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Ninth District--Minneapolis

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The Ninth District economy grew at a steady pace since the last report. Increases in activity were noted in consumer spending, manufacturing, tourism, construction, mining, energy, agriculture, and commercial real estate. Meanwhile, residential real estate softened. Since the last report, the pace of employment and wage growth increased slightly. Significant price increases were noted for fuel and some construction materials.

Consumer Spending and Tourism
Overall consumer spending showed solid growth since the last report. A major Minneapolis-based retailer reported same-store sales up about 6 percent in May compared with a year ago. A mall manager in North Dakota said that traffic on Mother's Day weekend was fairly brisk. In contrast, same-store sales at a Minneapolis area mall in April were lower than a year ago.

Car dealers in south-central Montana noted that while consumers are more interested in purchasing four-cylinder cars, sales of trucks and SUVs were still solid. At a Minnesota dealership, May sales were strong, especially for fuel-efficient vehicles.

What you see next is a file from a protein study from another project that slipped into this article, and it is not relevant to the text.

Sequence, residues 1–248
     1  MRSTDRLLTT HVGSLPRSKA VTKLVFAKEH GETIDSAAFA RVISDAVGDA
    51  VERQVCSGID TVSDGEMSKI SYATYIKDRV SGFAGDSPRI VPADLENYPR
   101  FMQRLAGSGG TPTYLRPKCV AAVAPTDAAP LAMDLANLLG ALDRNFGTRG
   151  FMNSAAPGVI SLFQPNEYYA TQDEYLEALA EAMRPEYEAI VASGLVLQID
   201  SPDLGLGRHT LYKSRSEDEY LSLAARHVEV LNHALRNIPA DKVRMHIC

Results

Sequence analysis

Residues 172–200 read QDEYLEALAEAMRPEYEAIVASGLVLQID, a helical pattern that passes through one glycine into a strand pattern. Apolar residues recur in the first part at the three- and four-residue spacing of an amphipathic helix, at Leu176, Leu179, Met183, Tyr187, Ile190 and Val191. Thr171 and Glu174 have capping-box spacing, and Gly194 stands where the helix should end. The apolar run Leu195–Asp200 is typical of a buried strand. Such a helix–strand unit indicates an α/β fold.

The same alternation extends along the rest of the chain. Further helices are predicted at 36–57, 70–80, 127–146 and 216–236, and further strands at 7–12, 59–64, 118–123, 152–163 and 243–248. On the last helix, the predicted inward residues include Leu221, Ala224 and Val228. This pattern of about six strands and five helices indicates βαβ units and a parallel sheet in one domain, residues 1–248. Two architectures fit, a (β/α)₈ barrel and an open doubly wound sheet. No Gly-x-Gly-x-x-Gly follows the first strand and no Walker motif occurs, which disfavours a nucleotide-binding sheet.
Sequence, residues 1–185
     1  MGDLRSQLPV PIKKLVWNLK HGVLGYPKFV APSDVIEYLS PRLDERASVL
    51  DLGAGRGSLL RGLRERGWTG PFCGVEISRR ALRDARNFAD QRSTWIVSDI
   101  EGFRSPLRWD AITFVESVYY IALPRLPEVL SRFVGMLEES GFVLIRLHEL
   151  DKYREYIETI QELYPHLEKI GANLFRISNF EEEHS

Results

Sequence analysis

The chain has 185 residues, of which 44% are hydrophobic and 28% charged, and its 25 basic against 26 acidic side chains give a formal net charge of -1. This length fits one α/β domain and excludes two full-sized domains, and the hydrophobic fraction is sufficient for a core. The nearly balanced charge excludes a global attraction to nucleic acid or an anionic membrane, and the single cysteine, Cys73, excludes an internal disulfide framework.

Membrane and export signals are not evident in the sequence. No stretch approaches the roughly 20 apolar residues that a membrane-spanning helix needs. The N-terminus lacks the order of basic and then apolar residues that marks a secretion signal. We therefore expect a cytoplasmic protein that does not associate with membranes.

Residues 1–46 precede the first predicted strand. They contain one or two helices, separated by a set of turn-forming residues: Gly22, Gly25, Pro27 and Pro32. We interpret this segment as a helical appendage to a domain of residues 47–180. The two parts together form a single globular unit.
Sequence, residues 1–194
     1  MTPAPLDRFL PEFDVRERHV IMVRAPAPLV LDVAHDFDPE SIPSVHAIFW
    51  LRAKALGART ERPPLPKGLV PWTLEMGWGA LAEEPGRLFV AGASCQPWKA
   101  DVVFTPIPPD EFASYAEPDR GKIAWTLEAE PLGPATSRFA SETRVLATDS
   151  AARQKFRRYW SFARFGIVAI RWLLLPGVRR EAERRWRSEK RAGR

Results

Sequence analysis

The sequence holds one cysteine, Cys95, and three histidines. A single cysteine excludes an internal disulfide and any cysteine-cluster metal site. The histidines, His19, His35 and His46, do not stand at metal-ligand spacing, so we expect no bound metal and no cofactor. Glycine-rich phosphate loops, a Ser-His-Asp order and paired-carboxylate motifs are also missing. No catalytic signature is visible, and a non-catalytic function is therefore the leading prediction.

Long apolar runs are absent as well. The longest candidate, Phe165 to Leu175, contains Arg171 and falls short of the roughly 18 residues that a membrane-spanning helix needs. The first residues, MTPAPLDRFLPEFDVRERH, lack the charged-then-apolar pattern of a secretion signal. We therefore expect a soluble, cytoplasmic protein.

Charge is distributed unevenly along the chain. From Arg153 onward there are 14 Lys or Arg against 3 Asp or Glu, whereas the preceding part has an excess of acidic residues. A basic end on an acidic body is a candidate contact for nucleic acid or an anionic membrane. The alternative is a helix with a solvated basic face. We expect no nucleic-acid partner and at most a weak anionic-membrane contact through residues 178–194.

Spring tourism activity posted modest increases, while tourism officials are cautiously optimistic for the summer season despite higher gas prices. In Duluth, Minn., recent tourism spending was up about 5 percent compared with a year ago, and inquiries for summer activities were strong; business convention spending was about even with a year ago. Tourism businesses in northwestern Minnesota reported a positive outlook for summer activity. Tourism in Montana is expected to grow 2 percent in 2006. According to a tourism official in the Black Hills area of South Dakota, advanced summer bookings started slow but recently reached normal trends.

Construction and Real Estate
Construction was robust. Commercial construction was about level with last year's strong building season in Bismarck, N.D. Developers announced plans for a 1.3-million-square-foot office and commercial development in a Minneapolis suburb. The Minnesota Legislature approved funding for two large stadiums in Minneapolis-St. Paul. Construction began on downtown condos in both Sioux Falls, S.D., and Fargo, N.D. More than $94 million in spending on road and bridge construction and $84 million on state university projects is planned in Montana this summer. However, April year-to-date residential and commercial permits for Rochester, Minn., were down 12 percent in value from last year.